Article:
response.status(401).send({ "success": false, "message": error});
        });
    });

    app.get("/student/:id", function(request, response) {
        StudentModel.findOne({"_id": request.params.id}).populate("courses").then(function(result) {
            response.send(result);
        }, function(error) {
            response.status(401).send({ "success": false, "message": error});
        });
    });

    app.post("/students", function(request, response) {
        var student = new StudentModel({
            "firstname": request.body.firstname,
            "lastname": request.body.lastname
        });
        student.save(function(error, student) {
            if(error) {
                return response.status(401).send({ "success": false, "message": error});
            }
            response.send(student);
        });
    });

    app.post("/student/course", function(request, response) {
        CourseModel.findOne({"_id": request.body.course_id}).then(function(course) {
            StudentModel.findOne({"_id": request.body.student_id}).then(function(student) {
                if(course != null && student != null) {
                    if(!student.courses) {
                        student.courses = [];
                    }
                    if(!course.students) {
                        course.students = [];
                    }
                    student.courses.push(course._id);
                    course.students.push(student._id);
                    student.save();
                    course.save();
                    response.send(student);
                } else {
                    return response.status(401).send({ "success": false, "message": "The `student_id` or `course_id` was invalid"});
                }
            }, function(error) {
                return response.status(401).send({ "success": false, "message": error});
            });
        }, function(error) {
            return response.status(401).send({ "success": false, "message": error});
        });
    });

}

module.exports = router;

The first three API endpoints should look familiar. The new endpoint student/course is responsible for adding students to a course and courses to a student.

The first thing that happens is a course is found based on a request id. Next, a student is found based on a different request id. If both documents are found then the ids are added to each of the appropriate arrays and the documents are saved once again.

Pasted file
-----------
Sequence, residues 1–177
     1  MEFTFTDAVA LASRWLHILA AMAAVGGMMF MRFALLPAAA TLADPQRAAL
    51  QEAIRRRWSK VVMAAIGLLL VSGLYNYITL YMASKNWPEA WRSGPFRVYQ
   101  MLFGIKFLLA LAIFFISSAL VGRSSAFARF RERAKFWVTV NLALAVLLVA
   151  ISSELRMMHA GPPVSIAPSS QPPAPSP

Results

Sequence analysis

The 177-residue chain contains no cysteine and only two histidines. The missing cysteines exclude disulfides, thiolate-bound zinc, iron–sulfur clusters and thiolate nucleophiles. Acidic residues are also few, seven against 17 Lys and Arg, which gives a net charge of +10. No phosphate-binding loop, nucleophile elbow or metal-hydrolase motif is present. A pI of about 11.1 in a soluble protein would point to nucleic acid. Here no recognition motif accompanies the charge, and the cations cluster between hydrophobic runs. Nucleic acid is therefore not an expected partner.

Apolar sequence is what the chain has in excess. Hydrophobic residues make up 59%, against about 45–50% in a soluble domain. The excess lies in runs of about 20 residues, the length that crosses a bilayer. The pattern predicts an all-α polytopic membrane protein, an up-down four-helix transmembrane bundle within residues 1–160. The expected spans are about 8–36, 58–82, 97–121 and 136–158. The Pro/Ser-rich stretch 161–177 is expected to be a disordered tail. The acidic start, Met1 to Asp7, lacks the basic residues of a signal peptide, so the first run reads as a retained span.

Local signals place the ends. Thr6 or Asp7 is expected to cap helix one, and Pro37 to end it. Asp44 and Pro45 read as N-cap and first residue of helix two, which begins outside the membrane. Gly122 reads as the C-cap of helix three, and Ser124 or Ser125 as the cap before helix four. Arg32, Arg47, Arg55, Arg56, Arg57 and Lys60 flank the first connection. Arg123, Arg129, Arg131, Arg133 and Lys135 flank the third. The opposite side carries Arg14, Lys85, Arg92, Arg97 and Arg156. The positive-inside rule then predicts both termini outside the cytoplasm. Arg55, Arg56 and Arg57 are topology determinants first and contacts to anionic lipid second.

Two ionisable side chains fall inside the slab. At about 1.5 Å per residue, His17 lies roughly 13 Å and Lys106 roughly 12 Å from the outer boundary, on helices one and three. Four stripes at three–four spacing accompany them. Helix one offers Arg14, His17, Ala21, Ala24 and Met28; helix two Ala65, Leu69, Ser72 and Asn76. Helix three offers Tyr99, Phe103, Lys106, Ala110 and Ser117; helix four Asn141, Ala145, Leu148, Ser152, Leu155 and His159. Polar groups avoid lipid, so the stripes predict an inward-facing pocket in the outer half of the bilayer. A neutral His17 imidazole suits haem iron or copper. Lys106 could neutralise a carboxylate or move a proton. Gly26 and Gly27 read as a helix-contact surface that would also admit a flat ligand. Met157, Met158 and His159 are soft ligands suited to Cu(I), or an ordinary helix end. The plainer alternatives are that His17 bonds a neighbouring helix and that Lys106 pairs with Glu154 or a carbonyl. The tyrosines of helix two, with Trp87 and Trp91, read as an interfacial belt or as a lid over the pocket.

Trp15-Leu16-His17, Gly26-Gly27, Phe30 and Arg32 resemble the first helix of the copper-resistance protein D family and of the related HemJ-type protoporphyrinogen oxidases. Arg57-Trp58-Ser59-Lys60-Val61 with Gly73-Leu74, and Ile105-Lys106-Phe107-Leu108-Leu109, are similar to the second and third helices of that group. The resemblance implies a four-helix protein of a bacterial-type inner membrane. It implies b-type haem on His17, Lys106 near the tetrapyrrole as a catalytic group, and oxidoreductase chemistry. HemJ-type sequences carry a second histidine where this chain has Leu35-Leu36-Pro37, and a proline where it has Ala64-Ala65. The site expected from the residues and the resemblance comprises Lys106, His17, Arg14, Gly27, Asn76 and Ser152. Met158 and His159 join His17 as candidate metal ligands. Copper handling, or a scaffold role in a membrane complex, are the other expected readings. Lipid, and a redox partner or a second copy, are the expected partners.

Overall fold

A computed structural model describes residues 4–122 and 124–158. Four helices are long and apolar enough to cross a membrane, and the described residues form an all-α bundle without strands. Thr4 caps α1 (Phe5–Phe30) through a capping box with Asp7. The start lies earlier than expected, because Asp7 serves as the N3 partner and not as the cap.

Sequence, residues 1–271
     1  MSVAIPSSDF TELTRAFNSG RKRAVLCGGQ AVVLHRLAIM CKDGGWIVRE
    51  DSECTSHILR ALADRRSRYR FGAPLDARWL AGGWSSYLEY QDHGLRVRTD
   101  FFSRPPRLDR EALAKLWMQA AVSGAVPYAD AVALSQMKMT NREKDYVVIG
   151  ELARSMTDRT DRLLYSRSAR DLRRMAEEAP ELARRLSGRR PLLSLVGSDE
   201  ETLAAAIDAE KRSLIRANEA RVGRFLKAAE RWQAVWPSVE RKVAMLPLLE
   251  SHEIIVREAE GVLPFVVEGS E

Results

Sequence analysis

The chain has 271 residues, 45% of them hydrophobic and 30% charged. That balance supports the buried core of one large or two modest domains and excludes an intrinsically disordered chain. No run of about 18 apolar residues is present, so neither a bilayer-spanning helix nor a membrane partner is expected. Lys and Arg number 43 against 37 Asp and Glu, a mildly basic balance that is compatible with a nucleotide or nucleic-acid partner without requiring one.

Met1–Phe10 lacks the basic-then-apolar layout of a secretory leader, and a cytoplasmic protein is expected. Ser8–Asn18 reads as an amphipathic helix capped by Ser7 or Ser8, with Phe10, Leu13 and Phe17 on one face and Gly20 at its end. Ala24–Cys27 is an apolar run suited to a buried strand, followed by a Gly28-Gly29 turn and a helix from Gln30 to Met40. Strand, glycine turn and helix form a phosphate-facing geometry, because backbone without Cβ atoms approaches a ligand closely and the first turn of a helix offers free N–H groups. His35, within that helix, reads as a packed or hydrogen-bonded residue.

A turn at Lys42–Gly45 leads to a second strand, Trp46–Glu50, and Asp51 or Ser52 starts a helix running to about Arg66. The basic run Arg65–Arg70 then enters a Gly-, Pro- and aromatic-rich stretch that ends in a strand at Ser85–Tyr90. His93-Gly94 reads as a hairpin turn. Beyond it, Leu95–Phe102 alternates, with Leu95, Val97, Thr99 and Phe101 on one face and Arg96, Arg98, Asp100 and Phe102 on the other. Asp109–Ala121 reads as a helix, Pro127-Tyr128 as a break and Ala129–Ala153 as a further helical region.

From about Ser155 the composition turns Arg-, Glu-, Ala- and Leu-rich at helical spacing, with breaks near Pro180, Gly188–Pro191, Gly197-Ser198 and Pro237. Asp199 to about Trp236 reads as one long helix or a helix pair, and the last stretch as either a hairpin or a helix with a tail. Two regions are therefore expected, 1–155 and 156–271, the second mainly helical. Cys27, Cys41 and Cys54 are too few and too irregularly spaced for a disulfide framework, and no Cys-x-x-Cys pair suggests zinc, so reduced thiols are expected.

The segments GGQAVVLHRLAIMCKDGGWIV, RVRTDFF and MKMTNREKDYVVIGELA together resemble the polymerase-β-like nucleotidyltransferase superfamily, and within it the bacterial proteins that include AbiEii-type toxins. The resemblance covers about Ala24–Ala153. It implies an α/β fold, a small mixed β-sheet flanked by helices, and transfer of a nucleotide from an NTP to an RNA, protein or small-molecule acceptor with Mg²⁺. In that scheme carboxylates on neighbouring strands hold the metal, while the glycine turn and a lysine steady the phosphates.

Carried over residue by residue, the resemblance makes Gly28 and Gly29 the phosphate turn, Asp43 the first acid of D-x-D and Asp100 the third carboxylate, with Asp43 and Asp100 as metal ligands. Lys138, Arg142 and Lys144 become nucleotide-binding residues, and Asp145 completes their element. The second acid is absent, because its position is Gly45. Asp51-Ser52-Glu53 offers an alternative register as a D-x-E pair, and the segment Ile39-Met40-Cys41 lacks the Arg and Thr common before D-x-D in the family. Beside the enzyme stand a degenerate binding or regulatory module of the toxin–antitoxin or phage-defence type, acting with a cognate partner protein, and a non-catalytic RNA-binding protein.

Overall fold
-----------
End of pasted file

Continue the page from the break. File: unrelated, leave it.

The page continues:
The final step here is to create our application driver. This will connect to the database and serve the application to be consumed by clients.

Connecting to MongoDB and Serving the Application

Open the project’s app.js file and add the following code:

var Mongoose = require("mongoose");
var Express = require("express");
var BodyParser = require("body-parser");

var app = Express();
app.use(BodyParser.json());

Mongoose.Promise = Promise;
var studentRoutes = require("./routes/students")(app);
var courseRoutes = require("./routes/courses")(app);
Mongoose.connect("mongodb://localhost:27017/example", function(error, database) {
    if(error) {
        return console.log("Could not establish a connection to MongoDB");
    }
    var server = app.listen(3000, function() {
        console.log("Connected on port 3000...");
    });
});

In the above code we are importing each of the dependencies that we previously installed. Then we are initializing Express and telling it to accept JSON bodies in requests.

The routes that were previously created need to be linked to Express, so we’re importing them and passing the Express instance. Finally, a connection to MongoDB is made with Mongoose and the application starts serving.

Not particularly difficult right?

Developing an API with Express Framework and Couchbase

So we saw how to create an API with Node.js, Mongoose, and MongoDB, so now we need to accomplish the same thing with Node.js, Ottoman, and Couchbase. Again this is to show how easy it is to transition from MongoDB to Couchbase and get all the benefits of an Enterprise ready, powerful NoSQL database.

Create a new directory somewhere on your computer and within it, execute the following to create a new project:

npm init --y
npm install express body-parser couchbase ottoman --save

The above commands are similar to what we saw previously, with the exception that now we’re using Couchbase and Ottoman. The project we build will have exactly the same structure, and as a refresher, it looks like the following:

app.js
routes/
    courses.js
    students.js
models/
    models.js
package.json
node_modules/

All Ottoman models will exist in the models directory, all API endpoints and Ottoman logic will exist in the routes directory and all driver logic will exist in the app.js file.

Defining the Ottoman Models

We’re going to work in the same direction that we did for the MongoDB application to show the ease of transition. This means starting with the Ottoman models that will represent our data in Couchbase Server.

Open the project’s models/models.js file and include the following:

var Ottoman = require("ottoman");

var CourseModel = Ottoman.model("Course", {
    name: { type: "string" },
    term: { type: "string" },
    students: [
        {
            ref: "Student"
        }
    ]
});

var StudentModel = Ottoman.model("Student", {
    firstname: { type: "string" },
    lastname: { type: "string" },
    courses: [
        {
            ref: "Course"
        }
    ]
});

module.exports.StudentModel = StudentModel;
module.exports.CourseModel = CourseModel;

The above should look familiar, yet you have to realize that these are two very different ODMs. Instead of designing MongoDB schemas through Mongoose we can go straight to designing JSON models for Couchbase with Ottoman. Remember there are no schemas in Couchbase Buckets.